A train wreck in December took out portions of a footbridge in Harpers Ferry.

HARPERS FERRY – Construction to rebuild a damaged section of an extensively used footbridge over the Potomac River in the Lower Town of Harpers Ferry is set to begin in less than two weeks.

Reconstructing the footbridge, a part of the Appalachian Trail that has been closed since a train derailment in December, is anticipated to finish by the end of July, according to two organizations updated on the rebuilding project.

Members of the Canal Town Partnership and the Appalachian Trail Conservancy posted separate Facebook messages last week that National Park Service officials told them that the footbridge’s reconstruction is set to begin May 11.

“We are happy to report the exciting news that the Byron Memorial pedestrian bridge repair at Harpers Ferry is moving forward. A contractor has been retained, and preparations are underway,” stated a message from the Canal Town Partnership, a group of representatives of communities along the Chesapeake & Ohio Canal that promote the towpath as a recreational venue.

“CSX is facilitating the repair,” the posting continued. “The estimated start date for repair is now May 11, with a projected finish date near the end of July.”

Chris Craig, Harpers Ferry’s representative on the Canal Town Partnership, confirmed that a National Park Service administrator provided the project’s start date and finished time frames.

An Appalachian Trail Conservancy spokesman also confirmed a similar post by that organization.  

National Park Service officials have not responded to a request for an update on the project.

A Harpers Ferry Historical National Park website page established to inform the public about the footbridge’s rebuilding had no new information on Tuesday. “The timeline for re-opening the footbridge is unknown at this time,” the webpage reported.

Heavily used by tourists, hikers and bicyclists, the footbridge is attached to the Goodloe Byron Memorial Bridge train river crossing near The Point lookout where the Potomac and Shenandoah rivers merge.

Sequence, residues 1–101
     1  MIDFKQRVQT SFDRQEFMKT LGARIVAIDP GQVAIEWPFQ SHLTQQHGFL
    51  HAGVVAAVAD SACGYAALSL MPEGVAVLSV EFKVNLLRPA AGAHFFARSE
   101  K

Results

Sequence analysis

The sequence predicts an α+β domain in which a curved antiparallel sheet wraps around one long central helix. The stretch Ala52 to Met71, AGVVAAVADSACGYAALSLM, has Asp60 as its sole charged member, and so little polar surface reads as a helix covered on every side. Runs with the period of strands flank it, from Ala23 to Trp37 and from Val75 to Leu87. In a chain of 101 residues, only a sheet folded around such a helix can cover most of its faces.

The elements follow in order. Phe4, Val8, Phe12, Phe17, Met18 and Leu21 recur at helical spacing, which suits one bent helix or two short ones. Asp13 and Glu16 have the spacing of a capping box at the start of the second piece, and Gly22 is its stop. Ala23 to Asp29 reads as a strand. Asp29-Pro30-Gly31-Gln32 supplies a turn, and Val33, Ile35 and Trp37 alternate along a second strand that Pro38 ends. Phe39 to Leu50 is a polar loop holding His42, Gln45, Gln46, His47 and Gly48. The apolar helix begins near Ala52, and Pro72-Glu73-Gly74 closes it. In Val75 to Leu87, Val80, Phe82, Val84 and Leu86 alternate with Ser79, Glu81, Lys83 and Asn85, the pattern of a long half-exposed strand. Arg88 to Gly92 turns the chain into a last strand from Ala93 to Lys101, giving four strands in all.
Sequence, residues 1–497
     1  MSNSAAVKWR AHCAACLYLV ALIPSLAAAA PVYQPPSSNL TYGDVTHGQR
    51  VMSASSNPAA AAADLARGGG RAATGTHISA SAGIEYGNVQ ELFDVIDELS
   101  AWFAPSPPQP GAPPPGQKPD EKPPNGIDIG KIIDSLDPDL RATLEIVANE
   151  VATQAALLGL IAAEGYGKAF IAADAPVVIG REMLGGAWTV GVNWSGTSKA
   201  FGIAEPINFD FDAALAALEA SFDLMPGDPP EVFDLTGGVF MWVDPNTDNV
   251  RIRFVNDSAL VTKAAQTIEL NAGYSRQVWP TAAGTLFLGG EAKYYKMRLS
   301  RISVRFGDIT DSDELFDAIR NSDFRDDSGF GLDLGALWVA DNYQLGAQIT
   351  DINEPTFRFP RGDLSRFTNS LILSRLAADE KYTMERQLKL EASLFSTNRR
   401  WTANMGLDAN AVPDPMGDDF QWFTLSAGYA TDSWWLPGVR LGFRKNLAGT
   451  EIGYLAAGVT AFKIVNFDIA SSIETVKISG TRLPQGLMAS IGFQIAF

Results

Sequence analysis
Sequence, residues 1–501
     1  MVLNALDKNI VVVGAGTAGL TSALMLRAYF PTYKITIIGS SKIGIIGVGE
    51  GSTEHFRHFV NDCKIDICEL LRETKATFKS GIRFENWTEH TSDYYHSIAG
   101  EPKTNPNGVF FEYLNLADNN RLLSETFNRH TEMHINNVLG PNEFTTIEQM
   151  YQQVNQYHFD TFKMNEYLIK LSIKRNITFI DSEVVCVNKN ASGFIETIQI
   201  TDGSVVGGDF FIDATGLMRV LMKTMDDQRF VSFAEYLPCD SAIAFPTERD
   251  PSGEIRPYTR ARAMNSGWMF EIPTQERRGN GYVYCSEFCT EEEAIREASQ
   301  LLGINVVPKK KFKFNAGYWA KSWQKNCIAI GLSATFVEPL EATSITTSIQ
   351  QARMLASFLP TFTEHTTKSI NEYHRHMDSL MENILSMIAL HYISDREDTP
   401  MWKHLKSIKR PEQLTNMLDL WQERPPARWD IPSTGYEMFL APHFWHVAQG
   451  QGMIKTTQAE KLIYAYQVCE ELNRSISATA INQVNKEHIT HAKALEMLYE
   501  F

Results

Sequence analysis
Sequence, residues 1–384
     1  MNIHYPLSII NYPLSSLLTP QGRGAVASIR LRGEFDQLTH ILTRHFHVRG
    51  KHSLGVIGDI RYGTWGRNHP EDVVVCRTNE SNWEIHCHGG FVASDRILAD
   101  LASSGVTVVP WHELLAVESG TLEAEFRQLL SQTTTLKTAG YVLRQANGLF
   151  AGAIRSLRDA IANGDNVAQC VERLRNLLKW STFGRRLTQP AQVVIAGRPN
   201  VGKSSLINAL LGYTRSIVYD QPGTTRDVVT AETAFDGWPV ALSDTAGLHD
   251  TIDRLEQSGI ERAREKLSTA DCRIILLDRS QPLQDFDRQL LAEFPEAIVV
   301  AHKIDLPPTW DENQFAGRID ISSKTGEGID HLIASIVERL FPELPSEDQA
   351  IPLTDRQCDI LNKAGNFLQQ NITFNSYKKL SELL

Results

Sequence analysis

The effort and planning to rebuild the footbridge began when a CSX Corp. freight train derailed on Dec. 21. The early morning accident destroyed about a third of the footbridge on the West Virginia side of the Potomac River. Three empty freight cars toppled into the Potomac during the derailment. Nobody was injured.

CSX representatives have said the freight hauler will pay the cost to reconstruct the walkway. The representatives did not respond to a request for comment this week on the company’s role in reconstructing the footbridge. CSX has not commented on the cause of the accident.

Since the accident, Jefferson County residents and area officials have been awaiting word about progress to reconstruct the footbridge that is used by many tourists visiting Harpers Ferry and the surrounding national park.

National Park Service officials have said they hoped to rebuild and reopen the footbridge by late summer.

Part of the Appalachian Trail that runs through the Harpers Ferry National Historical Park, the walkway is a link for walkers, hikers and cyclists to Maryland Heights, the Chesapeake & Ohio Canal towpath and the Appalachian Trail on the Maryland side of the Potomac. Several restaurants, retail shops, and bed and breakfast lodgings in Harpers Ferry and Bolivar rely on tourists drawn to those scenic attractions.

About 265,000 people visited the national park in Harpers Ferry last year, according to National Park Service estimates.

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